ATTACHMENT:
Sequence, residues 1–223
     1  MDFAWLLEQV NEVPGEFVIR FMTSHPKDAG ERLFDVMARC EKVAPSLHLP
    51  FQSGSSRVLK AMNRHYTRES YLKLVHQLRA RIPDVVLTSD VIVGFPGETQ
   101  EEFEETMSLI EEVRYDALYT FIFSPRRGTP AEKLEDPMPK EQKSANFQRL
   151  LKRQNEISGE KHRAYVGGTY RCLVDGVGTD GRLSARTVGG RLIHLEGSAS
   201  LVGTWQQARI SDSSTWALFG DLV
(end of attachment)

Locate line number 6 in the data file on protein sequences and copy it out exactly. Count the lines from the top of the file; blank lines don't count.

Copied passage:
   201  LVGTWQQARI SDSSTWALFG DLV